EDGE 2010 HMP Edinburgh
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  • SPS has four main pillars to its mission and these are:Custody – we will keep in secure custody those who are sent to us by the court.Order – we will provide a structured, ordered and disciplined regime for those in our custodyCare - we will care for those in our charge for all of their healthcare needs and do so with compassion and without favourOpportunity – we will provide them with the opportunity to learn whilst working, address their offending behaviour and build their self-belief and self worth.These are fundamental to the service delivery for SPS.
  • So what does the SPS estate cons15 Prisons (2 Private Sector) spread across the country8000 prisoners7600 in custody350-400 HDC (Electronic Tagging)3500 2 years to Life Sentence4500 2 years or less (incl HDC)Important to note that for these short term prisoners, their sentence is reduced by half, so if they are given a year sentence they will only serve six months. This provided limited opportunity for learning or behavioural change.
  • HMP Edinburgh was built on the current site in 1910 but has recently completed a £120 million redevelopment programme.It has reduced from 48 buildings to just 15 and benfits from very modern and efficient building systems.
  • Edinburgh is a Community Facing prison, by that I mean it takes from the local Lothian and Borders population but also other prisoners from all over Scotland.We have a tradition of community engagement and that means partnership with the local authority agencies and NGOs to deliver service to prisoners and their families.Some of the issues presenting from this population are:872 prisoner places provided, 650 convicted, 220 remand.50% persistent substance misuse issues35% mental health diagnosisThere is the full range of offences committed by this population some of which are listed above so you will understand the opportunities to successfully engage with these prisoners is very challenging.
  • This is the remand hall in Edinburgh, those committed by the courts awaiting trial or sentence. 181 spaces.Those on remand are not required by law to participate in programmes or education or work, so often all they want to do is PE, exercise and visits.This represents almost 30% of the population who are excluded or exclude themselves from the opportunity for learning.
  • All cells within the remand hall are double cells requiring prisoner to share.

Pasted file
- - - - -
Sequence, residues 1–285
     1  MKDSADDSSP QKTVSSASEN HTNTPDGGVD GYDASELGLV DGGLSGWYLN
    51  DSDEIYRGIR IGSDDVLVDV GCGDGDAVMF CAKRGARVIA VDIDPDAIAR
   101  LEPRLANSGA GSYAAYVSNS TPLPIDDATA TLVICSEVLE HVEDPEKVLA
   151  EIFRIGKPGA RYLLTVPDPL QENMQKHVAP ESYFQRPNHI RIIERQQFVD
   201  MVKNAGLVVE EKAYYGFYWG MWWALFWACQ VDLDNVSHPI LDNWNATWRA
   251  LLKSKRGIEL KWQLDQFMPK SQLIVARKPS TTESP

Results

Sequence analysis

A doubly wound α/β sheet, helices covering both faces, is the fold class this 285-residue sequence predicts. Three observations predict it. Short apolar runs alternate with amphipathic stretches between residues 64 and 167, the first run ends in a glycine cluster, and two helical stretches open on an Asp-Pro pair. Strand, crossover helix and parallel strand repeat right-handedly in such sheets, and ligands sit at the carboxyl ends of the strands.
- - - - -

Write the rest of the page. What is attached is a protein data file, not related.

• Ingliston holds 172 long and short term sex offenders who have to be managed completely separately from the other mainstream population. This presents limitations on integration in work parties and education and access to the library. This population is generally more mature and more manipulative and requests acces to learning materials more than any other element of the population.It holds a further 176 prisoners who are long term prisoners doing 4 years to life sentences. This group has more long term learning needs than perhaps any other, and the best opportunity for enhanced learning.
  • This shows one of the flats that will hose 88 prisoners with 44 on each side in a mixture of single and double cells. All of the halls have communal eating areas in the hall.One by-product of the redevelopment is that space has increased and staffing has been made more efficient and some prisoners feel more lonely that perhaps the older and smaller halls provided for.
  • This is a typical modern double cell in Edinburgh, a desk with shelves a chair each, a double bunk and wash hand basin and toilet are in each cell. All prisoners have access to television in-cell and a radio and dvd player.This looks comfortable and is not disimlar to university student digs, I would remind you that some prisoner however, will spend life sentences in these surroundings.
  • I have an annual contract with the director of prisons to provide a service level agreement which stipulates the services I should be providing to prisoners. This includes offender behavioural programmes but also offender development hours which includes physical education, work opportunities within the prison and education provision.This shows the annual work delivery target in hours for this year of 200000hours of work this year. We are delivering just below that target this year and expect to deliver about 190000 hours. Work in the prison context means vocational training in construction skills such as painting, decorating, brick laying, tiling, woodwork, plumbing, laundry, catering, etc. Every work place has accredited vocational training attached to it.This represents 172 hours of work per prisoner per year.Compare this to Physical education..